EGBA claims multi-licence model “momentum is undeniable”

European Gaming and Betting Association urges Norway, Iceland and Luxembourg to abandon monopoly models, with Finland set to switch in 2026
The post EGBA claims multi-licence model “momentum is undeniable” first appeared on EGR Intel.  

New analysis from the European Gaming and Betting Association (EGBA) has found the overwhelming majority of European countries are implementing a multi-licence model.

Recent analysis conducted by the EGBA concluded that 27 of 31 countries in Europe are currently employing some form of multi-licensing system for their respective online gambling markets.

This is in stark contrast to 2009 when only seven countries – Croatia, Czech Republic, Estonia, Italy, Latvia, Malta and the UK – were using a multi-licence model for igaming.

Further EGBA findings showed that 23 of those 27 countries have implemented a full multi-licence model across all igaming verticals.

However, Slovenia and Switzerland continue to have a monopoly for online sports betting and likewise Austria and Poland for icasino and poker, creating a partial competitive market augmented with historical monopoly approaches.

On the other hand, Cyprus and France have yet to regulate online casino, with the former also having an existing ban on online poker.

The remaining four countries yet to abandon the monopoly model across all verticals are Finland, Norway, Iceland and Luxembourg – the latter currently lacking regulation whatsoever for online gambling.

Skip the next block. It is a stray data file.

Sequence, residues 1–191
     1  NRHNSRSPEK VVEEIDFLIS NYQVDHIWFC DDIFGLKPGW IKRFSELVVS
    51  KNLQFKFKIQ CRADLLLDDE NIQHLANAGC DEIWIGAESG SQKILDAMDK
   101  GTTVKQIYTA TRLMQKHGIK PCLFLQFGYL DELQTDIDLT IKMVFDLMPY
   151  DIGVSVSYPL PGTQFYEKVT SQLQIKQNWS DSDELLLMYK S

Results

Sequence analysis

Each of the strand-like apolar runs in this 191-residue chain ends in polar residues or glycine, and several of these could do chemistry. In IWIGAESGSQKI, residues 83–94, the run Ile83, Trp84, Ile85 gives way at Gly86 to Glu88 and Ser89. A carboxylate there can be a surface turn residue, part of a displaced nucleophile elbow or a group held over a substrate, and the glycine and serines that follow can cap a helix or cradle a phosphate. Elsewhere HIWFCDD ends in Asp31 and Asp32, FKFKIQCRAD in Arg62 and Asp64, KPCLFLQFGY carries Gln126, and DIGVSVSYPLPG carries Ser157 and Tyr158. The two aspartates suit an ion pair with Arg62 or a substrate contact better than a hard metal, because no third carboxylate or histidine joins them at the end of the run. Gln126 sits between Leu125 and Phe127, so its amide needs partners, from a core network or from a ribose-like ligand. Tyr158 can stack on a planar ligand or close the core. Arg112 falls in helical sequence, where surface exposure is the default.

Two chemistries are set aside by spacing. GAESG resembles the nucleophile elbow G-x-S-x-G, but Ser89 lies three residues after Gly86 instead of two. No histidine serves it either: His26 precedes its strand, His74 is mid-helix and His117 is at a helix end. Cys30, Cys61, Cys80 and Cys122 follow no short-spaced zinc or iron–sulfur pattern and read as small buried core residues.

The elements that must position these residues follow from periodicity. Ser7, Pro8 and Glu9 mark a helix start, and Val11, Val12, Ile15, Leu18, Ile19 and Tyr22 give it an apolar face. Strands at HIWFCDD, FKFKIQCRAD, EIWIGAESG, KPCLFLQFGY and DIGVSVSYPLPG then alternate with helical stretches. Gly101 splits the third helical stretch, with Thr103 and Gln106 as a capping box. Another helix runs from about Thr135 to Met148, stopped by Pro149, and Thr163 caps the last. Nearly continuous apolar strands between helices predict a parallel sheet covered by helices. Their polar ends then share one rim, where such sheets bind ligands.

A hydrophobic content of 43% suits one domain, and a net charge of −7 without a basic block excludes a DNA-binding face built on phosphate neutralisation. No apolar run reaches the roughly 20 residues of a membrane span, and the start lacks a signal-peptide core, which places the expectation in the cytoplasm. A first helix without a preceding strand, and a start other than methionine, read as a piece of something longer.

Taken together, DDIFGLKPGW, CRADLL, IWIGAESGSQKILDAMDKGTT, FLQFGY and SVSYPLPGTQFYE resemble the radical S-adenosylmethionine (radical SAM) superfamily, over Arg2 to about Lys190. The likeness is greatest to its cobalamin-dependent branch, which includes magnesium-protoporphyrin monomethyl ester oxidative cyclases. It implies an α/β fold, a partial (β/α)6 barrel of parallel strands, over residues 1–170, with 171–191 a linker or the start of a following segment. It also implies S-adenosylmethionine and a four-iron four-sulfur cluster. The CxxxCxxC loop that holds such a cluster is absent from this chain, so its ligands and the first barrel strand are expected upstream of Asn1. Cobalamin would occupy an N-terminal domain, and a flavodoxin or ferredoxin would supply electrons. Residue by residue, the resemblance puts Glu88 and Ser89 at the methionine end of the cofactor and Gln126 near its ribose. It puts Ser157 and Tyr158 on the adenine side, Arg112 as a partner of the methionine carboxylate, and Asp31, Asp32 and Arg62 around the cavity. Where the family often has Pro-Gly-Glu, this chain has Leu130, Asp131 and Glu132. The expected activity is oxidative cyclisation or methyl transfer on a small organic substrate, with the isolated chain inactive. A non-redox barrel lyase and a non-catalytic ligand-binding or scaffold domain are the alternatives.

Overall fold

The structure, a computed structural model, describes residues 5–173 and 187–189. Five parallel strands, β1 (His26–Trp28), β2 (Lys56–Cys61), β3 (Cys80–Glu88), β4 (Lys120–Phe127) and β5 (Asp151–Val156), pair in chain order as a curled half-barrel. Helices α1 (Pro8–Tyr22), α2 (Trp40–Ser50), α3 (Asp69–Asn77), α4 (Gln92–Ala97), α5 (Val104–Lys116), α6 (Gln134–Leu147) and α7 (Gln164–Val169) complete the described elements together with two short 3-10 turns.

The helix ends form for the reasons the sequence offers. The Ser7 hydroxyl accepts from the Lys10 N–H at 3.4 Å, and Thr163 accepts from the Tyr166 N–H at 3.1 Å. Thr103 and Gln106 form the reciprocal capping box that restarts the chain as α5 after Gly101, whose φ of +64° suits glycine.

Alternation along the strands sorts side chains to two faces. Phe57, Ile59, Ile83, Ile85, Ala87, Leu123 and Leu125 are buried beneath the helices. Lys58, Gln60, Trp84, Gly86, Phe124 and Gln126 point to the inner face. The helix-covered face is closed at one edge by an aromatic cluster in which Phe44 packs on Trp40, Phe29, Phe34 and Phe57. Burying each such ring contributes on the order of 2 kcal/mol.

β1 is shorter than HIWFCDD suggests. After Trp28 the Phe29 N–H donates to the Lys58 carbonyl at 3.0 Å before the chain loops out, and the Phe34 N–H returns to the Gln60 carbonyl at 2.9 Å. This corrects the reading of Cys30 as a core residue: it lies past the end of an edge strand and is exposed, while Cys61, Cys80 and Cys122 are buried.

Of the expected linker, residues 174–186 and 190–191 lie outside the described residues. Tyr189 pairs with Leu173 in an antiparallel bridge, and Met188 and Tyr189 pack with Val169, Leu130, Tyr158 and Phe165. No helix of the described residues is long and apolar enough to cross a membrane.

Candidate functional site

As one of the last remaining countries to still employ a monopoly model, Finland has plans in place to make the switch to a multi-licence model in January 2026, which would leave only Norway as the remaining country in the European Economic Area (EEA) to have not adopted an open-licence system.

The EGBA were one of the voices backing Finland to make the transition, with the country’s monopoly operator, Veikkaus, also in support of the switch.

Maarten Haijer, EGBA secretary general, commented on the findings and called on those European countries yet to move away from a monopoly model to begin phasing it out to become more effective.

Haijer said: “The momentum towards full multi-licensing for online gambling in Europe is undeniable. While a few exceptions still exist, governments are concluding that public policy objectives, particularly related to consumer protection and tax generation, are more effectively met through well-regulated online competition.

“Finland’s current transition towards multi-licensing signals the impending end of the last online gambling monopoly in the EU, marking a significant regulatory milestone.”

He continued: “Similar deliberations regarding the future of the online monopoly are inevitable in Norway and Iceland. Furthermore, the handful of countries with either partial monopolies or product prohibitions should strive for greater consistency and effectiveness in their policies by phasing these out.

“With over 15 years of regulatory experience in Europe, it’s clear that full multi-licensing offers the best pathway to enhance consumer protection, increase tax revenues and ensure stronger regulatory control. The time has come for the last remaining European countries to embrace this optimal form of online regulation.”

The EGBA recently backed the European Union’s (EU) anti-money laundering package which will give operators a more consistent approach to battling financial crime.

The post EGBA claims multi-licence model “momentum is undeniable” first appeared on EGR Intel.


​EGR Intel


Read More



You May Also Like